30th June 2014
With her project 'Haptic Immersion', recent textiles graduate from Chelsea, Abby Bucknall questions our perception of materiality in a increasingly digital age.
As a materials designer Abby, like many other designers, believes we are starved of tactile immersion and as such wants to engage people with their senses in a physical domain.
Fusing materials such as carpet, foam and perspex her materials palette is further enhanced with screen printed surfaces that offer a playful and tactile experience and challenge notions of depth, tactility and preconception.
Abby's use of graphical forms, unexpected still life and colour bring a very modern and engaging experience to future textiles.
26th June 2014
My favourite project from New Designers part one yesterday - and it seems the judges too as it won runner up Designer of the Year - was 'suck: a ba starter'.
The first part of a three part collaboration with a chef and designer Ellie Corp, the project is a series of tools designed for eating. For the first course her tools focus on sucking of a kind of noodle soup and as such she has designed objects that interact playfully with the rituals surrounding eating.
Working with soft and hard materials Ellie has used silver and stainless steel with natural sponges to help with the liquid retention and the over all experience of eating.
Part 2 and 3 are to follow as will be an actual dinner where visitors will be able to experience the utensils.
26th June 2014
For those who know me and those who read my blog regularly will know that I love mould, algae and bacteria so I was delighted to find this beautiful work from Katie Petrie at New Designers yesterday.
A jewellery designer she has been exploring the beauty to be found in the colour and textures from bacteria and mould.
Culturing her own 'live' patterns she has then translated them onto silver and copper pieces exposing beautiful greens, browns and uncomfortable but beautiful textures.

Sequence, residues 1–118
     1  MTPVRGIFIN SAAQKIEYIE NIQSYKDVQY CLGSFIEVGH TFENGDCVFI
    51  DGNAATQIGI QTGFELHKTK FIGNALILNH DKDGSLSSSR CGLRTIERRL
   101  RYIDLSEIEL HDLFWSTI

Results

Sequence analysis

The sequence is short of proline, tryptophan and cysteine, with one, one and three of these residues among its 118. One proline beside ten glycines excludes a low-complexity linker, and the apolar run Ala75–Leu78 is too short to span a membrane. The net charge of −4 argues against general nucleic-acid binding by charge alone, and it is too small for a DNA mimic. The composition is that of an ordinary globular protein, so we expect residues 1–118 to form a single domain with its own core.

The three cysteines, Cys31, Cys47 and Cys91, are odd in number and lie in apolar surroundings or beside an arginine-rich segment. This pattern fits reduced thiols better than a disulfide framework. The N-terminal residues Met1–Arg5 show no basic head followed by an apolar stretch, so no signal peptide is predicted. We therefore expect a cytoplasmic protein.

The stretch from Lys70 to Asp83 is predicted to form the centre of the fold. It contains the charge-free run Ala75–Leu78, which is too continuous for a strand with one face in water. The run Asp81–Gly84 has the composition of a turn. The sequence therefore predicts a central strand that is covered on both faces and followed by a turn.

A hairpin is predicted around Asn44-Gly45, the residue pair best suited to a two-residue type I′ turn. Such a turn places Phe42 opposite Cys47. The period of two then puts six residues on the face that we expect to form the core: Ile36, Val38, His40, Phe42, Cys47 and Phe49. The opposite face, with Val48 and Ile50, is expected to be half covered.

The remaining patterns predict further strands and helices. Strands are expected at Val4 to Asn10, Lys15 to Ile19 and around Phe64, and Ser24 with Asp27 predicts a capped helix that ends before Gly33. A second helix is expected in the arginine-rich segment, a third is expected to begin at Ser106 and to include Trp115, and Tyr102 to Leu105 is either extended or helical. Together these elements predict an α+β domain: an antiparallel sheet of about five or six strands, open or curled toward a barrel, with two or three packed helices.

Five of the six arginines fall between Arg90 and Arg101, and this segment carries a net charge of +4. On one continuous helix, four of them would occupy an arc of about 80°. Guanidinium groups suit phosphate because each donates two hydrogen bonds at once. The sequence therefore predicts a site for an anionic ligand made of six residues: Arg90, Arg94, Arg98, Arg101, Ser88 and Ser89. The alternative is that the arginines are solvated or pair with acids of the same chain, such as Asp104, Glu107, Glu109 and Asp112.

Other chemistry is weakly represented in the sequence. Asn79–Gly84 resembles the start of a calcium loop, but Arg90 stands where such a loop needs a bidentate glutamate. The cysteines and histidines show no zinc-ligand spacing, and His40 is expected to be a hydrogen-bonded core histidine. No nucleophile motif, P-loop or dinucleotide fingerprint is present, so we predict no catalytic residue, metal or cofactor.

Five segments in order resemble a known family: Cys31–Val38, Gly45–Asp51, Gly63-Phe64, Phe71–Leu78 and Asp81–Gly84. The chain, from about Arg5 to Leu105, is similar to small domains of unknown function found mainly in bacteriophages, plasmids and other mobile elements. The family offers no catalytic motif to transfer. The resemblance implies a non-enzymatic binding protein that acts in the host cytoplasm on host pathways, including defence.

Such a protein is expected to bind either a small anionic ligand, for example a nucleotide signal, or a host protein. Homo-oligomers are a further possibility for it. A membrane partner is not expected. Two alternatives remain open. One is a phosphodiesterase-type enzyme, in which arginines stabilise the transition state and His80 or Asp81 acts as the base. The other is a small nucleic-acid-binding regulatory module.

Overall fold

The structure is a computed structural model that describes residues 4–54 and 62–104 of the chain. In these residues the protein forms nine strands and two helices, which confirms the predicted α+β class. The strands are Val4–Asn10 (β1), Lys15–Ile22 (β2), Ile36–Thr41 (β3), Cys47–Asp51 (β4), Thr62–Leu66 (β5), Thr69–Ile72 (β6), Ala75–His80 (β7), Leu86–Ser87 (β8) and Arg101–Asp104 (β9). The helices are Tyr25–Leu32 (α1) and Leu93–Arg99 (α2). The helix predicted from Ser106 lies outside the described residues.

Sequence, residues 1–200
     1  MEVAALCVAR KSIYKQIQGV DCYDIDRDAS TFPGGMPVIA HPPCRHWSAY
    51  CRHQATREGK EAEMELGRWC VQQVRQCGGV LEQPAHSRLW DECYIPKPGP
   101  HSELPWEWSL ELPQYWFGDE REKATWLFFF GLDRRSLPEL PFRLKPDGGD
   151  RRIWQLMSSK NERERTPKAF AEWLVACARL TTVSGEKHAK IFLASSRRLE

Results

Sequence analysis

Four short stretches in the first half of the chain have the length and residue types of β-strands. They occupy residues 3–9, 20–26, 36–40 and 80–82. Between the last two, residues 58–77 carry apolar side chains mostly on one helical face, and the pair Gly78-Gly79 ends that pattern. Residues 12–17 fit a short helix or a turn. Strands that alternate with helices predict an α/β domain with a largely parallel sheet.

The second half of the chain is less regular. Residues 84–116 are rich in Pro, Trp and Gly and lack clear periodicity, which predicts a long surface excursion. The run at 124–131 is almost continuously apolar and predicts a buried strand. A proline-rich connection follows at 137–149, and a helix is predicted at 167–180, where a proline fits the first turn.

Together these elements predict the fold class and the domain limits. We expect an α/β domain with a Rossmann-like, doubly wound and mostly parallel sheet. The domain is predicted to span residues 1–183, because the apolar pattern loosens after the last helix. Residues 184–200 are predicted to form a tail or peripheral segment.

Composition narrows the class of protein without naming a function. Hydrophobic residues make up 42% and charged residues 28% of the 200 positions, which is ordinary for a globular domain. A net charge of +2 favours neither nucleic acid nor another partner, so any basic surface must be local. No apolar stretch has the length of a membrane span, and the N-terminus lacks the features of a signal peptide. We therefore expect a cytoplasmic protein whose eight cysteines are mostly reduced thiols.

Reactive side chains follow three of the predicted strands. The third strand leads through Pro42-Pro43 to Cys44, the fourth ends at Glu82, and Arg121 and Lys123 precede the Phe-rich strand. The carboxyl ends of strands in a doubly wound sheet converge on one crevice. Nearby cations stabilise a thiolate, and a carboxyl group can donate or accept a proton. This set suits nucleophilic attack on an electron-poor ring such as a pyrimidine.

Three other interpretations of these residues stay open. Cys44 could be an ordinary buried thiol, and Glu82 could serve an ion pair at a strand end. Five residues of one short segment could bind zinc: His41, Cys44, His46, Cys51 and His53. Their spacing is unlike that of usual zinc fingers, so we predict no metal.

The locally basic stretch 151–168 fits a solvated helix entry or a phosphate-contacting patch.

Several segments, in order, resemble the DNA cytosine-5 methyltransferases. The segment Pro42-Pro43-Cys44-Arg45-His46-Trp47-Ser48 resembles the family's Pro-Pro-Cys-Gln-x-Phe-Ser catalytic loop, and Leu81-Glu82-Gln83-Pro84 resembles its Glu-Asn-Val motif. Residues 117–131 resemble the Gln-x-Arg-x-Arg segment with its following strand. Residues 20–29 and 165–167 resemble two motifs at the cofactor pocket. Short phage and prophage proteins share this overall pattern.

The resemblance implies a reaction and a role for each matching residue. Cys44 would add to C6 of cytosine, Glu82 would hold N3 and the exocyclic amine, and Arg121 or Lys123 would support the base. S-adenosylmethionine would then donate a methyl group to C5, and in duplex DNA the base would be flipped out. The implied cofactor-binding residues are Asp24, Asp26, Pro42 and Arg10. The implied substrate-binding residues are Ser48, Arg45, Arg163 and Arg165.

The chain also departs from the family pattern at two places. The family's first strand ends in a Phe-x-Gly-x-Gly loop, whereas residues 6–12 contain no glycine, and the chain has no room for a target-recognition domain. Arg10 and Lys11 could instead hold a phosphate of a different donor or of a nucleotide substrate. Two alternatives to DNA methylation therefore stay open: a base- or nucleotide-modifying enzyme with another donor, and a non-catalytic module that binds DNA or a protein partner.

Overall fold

24th June 2014
Although 3D weaving has been around for a while, the meeting of 3D printing and weave structures is a new take on the idea.
Recent graduate Oluwaseyi Sosanya from Industrial Design Engineering at the RCA has invented a machine that relies on a similar layering process to 3D printing, but adds an extra step of coating with silicone to maintain the structures.
The Structure of Protection project was inspired by Sosanya looking at traditional weaving structures and re interpreting them into 3D. Using cotton, wool and paper threads the machine feeds yarn through two tubes and wraps it around a pre defined shape of vertical poles that act as a vertical warp.
What is interesting about this project is that he has researched how different machines work such as the industrial knitting machine and sewing machines and he has combined this with the workings of the 3D printer.
To demonstrate the capabilities of his materials he has collaborated with a shoe designer to make a flexible and 3D woven/printed sole and aims to work on future materials as his project evolves.
23rd June 2014
Breathtaking in its beauty and in its intellectual narrative, Marcin Rusak's Flowering Transition project shown at the RCA explores ideas around the life of flowers and perfection.
Considering the idea that nature was once the model of perfection, but our aesthetics have changed and with it our view on perfection, Rusak questions how flowers are now highly engineered in order to meet the demands on modern day desires in order to live longer and have brighter colour, but as a result they are loosing some of their natural attributes -for instance their scent and locality.
Split into a series of chapters his speculative project questions the future of genetics and imagines where this path could lead to future blooms or the 'Monster flower'.
This speculative project looks to the future of genetic modification and re imagines this future flower and poses questions as to whether this is really what we would want it to be.
Using 3D modelling and clever photography he has created the 'ultimate' flower that embodies all of the requirements of modern day desires. This monster flower needs to be available all year round, cheaper, controlled stem sizes, efficient for packaging, better smell and longer vase life and so on.
Somewhat contradictory in its requirements, this list of demands is now controlled by man and not nature.
In his other chapters he also illustrates how flowers are loosing their scent as a juxtaposition to longer life and brighter colour as well as the ephemeral nature of flowers which are not meant to last with a perishable vase made from flower waste that naturally decays over time.
By far the most beautiful project shown at the RCA last week, Rusak comes from a family of flower growers and illustrates his journey and that of his family in a beautiful book to accompany the project.